John 9:1-12 (ESV)
As he passed by, he saw a man blind from birth. 2 And his disciples asked him, “Rabbi, who sinned, this man or his parents, that he was born blind?” 3 Jesus answered, “It was not that this man sinned, or his parents, but that the works of God might be displayed in him. 4 We must work the works of him who sent me while it is day; night is coming, when no one can work. 5 As long as I am in the world, I am the light of the world.” 6 Having said these things, he spit on the ground and made mud with the saliva. Then he anointed the man’s eyes with the mud 7 and said to him, “Go, wash in the pool of Siloam” (which means Sent). So he went and washed and came back seeing.
8 The neighbors and those who had seen him before as a beggar were saying, “Is this not the man who used to sit and beg?” 9 Some said, “It is he.” Others said, “No, but he is like him.” He kept saying, “I am the man.” 10 So they said to him, “Then how were your eyes opened?” 11 He answered, “The man called Jesus made mud and anointed my eyes and said to me, ‘Go to Siloam and wash.’ So I went and washed and received my sight.” 12 They said to him, “Where is he?” He said, “I do not know.”
The disciples were focused on why this man had been blind since birth while Jesus was focused on revealing God’s glory in the world by showing compassion and healing this man. How we view circumstances impact what we think and feel about them, and how we act.
When we suffer or those around us suffer, it is easy to focus on the suffering. But it is often through suffering that we see the hand of God working the most. We often turn to God in times of distress more than in times of joy. God is always with us and no matter what we go through, as believers, we never go through it alone.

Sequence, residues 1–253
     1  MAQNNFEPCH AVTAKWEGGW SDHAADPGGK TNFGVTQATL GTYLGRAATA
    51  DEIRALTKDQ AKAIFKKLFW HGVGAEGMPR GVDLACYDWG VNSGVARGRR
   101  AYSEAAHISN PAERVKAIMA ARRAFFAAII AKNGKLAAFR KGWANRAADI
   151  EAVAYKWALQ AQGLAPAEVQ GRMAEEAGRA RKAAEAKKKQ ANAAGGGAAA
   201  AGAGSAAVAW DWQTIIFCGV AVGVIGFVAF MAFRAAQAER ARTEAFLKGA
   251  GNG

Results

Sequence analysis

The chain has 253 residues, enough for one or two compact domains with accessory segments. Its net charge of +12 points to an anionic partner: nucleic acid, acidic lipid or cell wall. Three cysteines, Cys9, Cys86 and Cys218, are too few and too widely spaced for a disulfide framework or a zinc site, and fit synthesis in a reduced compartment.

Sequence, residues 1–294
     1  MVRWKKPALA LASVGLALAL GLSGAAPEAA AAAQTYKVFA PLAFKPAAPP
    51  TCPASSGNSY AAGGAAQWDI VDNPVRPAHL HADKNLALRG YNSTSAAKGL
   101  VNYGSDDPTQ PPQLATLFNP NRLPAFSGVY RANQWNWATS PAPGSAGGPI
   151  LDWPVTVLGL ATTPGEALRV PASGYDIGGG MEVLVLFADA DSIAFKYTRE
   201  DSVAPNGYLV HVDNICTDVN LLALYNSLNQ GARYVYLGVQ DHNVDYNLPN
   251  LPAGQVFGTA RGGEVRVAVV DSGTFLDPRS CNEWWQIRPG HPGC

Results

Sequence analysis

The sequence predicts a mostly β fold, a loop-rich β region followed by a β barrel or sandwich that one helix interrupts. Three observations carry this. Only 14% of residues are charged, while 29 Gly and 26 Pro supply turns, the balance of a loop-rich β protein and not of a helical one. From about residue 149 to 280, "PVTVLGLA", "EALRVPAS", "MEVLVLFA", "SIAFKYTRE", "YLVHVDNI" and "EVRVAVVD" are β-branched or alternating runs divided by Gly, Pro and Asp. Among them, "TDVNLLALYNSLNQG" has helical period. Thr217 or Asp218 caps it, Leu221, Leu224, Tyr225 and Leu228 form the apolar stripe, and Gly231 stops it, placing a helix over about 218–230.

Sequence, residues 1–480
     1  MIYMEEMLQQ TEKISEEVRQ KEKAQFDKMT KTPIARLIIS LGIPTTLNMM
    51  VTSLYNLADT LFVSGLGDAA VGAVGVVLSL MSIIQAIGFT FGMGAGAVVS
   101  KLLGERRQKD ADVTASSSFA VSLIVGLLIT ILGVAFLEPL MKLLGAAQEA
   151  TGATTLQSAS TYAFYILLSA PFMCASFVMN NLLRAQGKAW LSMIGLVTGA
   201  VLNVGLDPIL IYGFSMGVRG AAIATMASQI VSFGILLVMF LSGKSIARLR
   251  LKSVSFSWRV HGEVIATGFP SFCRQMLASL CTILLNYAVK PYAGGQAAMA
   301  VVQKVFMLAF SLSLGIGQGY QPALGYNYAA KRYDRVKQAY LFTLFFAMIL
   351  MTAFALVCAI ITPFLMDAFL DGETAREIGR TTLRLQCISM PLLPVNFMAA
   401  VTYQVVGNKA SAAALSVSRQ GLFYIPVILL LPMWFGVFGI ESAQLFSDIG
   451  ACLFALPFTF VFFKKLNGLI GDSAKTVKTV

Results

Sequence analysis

Jesus was laser-focused on doing the work of the Lord, and knew His time with His disciples on earth was limited. He wanted to make the most of His time, and wanted to teach that lesson to His followers as well. How focused are you on serving the Lord?
This passage is a reminder for us to check our perspective and look at where God is working. It also reminds us that Jesus is with us in our suffering and we see how focused Jesus was on doing the will of the Father.
During this season of Lent ask God to show you where your perspective might be off, where you might be focusing on your circumstances rather than on what He is doing in the midst of them. Recall a time when the Lord showed up in your time of struggle or suffering, and share that story with others. Ask the Lord to give you laser focus on serving Him.
Thank you, Father, for the lessons we learn through Jesus and his interactions with the disciples, help us to put them into practice in our own lives. Amen.